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Eating Disorders
Anorexia: Starvation is not the answer

While we usually relate Anorexia nervosa or anorexia, with teens, this eating disorder is actually largely prevalent among women aged 15 to 35. The illness essentially entails starving oneself to death in order to lose weight and consequently build up self-esteem. 

The disease starts innocently enough. The victim wakes up one morning, looks at herself in the mirror, and decides she could do with getting rid of that 'fat'. If she just loses some weight, every thing would be perfect. So she goes on a diet and starts an exercise regime. But it doesn't stop when she's shed those few extra kilos. She continues seeing herself as fat, ignoring the perceptions of regular body weight. When she weighs about 85% of what is considered normal for her age and height, is hyperactive and exercises a lot to continue burning calories, but still cannot get rid of the nagging certainty that she is 'fat and ugly', you know she has a problem. 

Anorexia is usually accompanied by hyperactivity, hypothermia, and amenorrhea. 


This is when anorexics exercise frantically to lose whatever little weight they are left with. 


This results when the fat cells, which are the body's natural insulation, become non-existent and the victim starts feeling cold all the time. As a result, the body develops a light coating of fur on the body, to retain whatever little body warmth it can.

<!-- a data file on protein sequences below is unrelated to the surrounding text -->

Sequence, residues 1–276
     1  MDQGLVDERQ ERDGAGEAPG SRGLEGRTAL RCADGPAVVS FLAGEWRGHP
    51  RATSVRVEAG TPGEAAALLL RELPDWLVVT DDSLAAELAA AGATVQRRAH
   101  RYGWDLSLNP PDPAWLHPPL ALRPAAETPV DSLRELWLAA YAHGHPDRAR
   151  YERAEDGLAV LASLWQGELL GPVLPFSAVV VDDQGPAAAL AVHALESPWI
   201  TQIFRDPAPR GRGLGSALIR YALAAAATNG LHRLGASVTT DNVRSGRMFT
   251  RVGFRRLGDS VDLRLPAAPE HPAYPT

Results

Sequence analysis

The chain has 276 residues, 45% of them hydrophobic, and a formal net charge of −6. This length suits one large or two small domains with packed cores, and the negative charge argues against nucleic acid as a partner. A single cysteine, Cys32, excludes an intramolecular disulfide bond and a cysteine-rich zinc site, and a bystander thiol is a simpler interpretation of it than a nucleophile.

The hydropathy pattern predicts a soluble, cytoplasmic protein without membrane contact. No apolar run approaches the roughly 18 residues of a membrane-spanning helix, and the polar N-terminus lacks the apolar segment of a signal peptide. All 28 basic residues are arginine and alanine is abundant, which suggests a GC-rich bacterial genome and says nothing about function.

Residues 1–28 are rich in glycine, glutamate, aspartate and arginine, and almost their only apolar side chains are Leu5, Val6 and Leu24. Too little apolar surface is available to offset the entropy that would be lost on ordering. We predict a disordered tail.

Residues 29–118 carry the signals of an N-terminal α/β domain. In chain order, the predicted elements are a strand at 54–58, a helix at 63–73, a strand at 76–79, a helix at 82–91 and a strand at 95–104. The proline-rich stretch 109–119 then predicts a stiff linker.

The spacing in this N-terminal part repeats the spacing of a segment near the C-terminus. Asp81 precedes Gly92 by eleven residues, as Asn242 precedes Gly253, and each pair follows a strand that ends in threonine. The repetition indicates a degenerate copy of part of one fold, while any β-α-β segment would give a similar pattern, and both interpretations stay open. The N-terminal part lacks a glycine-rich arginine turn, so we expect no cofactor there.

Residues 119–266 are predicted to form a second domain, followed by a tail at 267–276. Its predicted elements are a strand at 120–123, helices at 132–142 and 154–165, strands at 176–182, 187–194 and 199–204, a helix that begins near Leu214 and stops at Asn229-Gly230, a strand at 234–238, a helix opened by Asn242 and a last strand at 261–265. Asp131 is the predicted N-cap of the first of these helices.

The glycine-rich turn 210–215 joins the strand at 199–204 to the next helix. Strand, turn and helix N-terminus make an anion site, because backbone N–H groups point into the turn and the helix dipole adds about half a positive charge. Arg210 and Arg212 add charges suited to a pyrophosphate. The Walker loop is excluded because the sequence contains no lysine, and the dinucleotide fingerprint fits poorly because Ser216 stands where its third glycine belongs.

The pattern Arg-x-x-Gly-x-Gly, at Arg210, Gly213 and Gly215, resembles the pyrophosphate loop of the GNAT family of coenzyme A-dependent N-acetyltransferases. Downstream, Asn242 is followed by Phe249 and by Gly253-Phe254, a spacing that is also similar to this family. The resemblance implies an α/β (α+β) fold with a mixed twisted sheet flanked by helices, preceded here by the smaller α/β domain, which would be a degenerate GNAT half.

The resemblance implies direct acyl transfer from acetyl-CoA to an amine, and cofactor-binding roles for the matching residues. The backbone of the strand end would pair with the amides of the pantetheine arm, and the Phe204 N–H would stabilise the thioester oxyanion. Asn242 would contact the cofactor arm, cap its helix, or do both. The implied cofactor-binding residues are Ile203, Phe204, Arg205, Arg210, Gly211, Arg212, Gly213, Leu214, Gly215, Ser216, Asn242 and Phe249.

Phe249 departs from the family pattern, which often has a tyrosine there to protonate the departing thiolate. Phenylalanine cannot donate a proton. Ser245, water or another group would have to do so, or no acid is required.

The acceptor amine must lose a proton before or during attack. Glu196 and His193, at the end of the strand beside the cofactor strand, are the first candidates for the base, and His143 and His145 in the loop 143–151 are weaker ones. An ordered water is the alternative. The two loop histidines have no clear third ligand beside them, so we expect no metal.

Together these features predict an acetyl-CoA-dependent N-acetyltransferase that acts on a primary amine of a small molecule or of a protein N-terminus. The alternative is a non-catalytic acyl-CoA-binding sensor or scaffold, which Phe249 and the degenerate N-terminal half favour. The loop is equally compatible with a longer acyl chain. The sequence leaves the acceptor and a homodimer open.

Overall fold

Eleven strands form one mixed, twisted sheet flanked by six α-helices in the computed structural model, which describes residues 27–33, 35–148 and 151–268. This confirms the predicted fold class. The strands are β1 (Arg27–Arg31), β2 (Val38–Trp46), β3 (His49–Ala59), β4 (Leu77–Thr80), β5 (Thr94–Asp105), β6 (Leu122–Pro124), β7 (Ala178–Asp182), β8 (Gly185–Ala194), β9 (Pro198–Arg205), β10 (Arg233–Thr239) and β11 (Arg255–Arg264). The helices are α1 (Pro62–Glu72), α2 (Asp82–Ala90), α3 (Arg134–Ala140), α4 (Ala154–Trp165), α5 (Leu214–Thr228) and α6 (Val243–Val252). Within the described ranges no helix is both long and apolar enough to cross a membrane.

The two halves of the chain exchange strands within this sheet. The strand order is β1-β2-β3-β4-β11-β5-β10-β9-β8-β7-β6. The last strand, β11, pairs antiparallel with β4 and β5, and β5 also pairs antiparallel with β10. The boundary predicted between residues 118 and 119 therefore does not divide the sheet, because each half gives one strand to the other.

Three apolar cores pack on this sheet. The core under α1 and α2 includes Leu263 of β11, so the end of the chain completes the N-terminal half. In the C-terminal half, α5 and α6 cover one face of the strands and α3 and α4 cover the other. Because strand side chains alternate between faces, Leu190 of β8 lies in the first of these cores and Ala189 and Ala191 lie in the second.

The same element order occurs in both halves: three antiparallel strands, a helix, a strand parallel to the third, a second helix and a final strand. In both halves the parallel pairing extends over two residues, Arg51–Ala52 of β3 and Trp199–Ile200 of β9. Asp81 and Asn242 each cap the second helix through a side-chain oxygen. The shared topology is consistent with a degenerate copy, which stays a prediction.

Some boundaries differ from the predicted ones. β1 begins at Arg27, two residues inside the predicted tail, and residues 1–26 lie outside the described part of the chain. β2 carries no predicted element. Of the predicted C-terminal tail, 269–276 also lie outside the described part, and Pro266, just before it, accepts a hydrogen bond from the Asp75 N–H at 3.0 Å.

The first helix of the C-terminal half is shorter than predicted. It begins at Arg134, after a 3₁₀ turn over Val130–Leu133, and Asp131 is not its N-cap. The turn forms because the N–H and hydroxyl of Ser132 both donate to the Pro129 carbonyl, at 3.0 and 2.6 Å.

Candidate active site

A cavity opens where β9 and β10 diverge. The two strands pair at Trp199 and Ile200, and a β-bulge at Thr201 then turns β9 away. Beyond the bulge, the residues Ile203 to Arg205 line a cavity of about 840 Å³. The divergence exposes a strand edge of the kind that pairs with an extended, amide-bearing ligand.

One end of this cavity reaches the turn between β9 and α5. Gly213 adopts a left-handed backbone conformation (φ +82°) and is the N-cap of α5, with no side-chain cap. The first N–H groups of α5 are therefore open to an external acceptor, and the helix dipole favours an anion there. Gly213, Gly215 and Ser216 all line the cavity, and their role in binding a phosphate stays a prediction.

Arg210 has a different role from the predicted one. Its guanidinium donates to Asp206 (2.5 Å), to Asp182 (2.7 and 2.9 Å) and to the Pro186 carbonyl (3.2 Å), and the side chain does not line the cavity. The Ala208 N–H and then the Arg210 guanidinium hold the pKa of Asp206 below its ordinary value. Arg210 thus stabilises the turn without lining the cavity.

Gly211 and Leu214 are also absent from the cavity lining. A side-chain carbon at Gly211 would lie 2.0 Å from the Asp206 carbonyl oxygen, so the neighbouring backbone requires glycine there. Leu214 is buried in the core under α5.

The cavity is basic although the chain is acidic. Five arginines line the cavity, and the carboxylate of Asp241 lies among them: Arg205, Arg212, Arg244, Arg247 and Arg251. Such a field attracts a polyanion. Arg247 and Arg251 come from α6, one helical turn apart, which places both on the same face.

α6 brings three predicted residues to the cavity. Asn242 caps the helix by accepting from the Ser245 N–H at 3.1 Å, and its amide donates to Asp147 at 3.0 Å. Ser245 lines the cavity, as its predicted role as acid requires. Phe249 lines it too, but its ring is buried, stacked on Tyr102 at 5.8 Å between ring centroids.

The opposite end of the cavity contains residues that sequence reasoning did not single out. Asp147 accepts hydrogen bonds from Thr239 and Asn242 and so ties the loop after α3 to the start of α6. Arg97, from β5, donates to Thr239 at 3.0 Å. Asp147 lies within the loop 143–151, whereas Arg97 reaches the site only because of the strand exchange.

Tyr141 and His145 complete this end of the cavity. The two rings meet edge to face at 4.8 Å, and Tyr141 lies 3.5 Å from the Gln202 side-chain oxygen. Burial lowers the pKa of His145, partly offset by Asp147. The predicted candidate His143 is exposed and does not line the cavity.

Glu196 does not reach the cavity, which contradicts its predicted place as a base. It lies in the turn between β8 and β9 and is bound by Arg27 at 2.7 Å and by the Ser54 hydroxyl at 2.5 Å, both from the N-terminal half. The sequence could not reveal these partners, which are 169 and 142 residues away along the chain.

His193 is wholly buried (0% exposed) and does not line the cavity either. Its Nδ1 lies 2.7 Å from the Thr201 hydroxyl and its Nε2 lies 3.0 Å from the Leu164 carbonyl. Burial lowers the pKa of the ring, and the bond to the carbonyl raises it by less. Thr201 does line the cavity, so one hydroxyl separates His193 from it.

Amenorrhea sets in when a woman misses at least three menstrual cycles. Loss of monthly menstrual periods is typical in anorexic women while men with anorexia often become impotent. 

Nipping it in the Bud 

Sadly anorexia is not usually 'nipped in the bud', as it is not recognised until it spirals out of control. Parents of anorexics don't realise initially what their child is going through, as a desire to lose weight by diet and exercise is normal enough. Almost every one goes through a weight-losing spree at some point in life, but with anorexics, it becomes an obsession. Their distorted perception of reality makes them see themselves as fat, even when they are rake thin. They look at themselves in the mirror and they don't see their protruding rib cages - they see the skin on it - and identify it as fat. The fear of being seen as fat continues even when the person is near death from starvation. They won't eat even when suffering from acute hunger pangs. Further, anorexics often wear loose, baggy clothes to hide their 'fat' body, so one doesn't immediately realise how much weight the child has lost. 

Change in Attitude Towards Anorexics 

The general perception that anorexics are vain and obsessed with their looks needs to be changed, and anorexia needs to be recognised as a serious disease requiring treatment. Anorexics are usually controlled people who are perfectionists but have low self-esteem. Their body weight, shape and size is directly related to how good they feel about themselves. This may be because of troubled family situations, childhood abuse or parents telling their child that he or she should lose weight or getting teased at school because of some extra weight. If a child suffers from anorexia, family members should not let the eating disorder become a hidden, secret problem. Instead, they should talk openly and with obvious concern to the young woman about the situation as early as possible. 


Group therapy seems to be one of the more effective methods of treatment as women in the same situation get together to speak about their experiences and share their fears. 

If anorexia has reached the extent that the person's life is in any danger because of starvation, she should be immediate hospitalised. It may not be easy to gain the victims' co-operation, especially if they have been brought to treatment against their will. Building a trusting and supportive relationship is likely to be the most important part of treatment.

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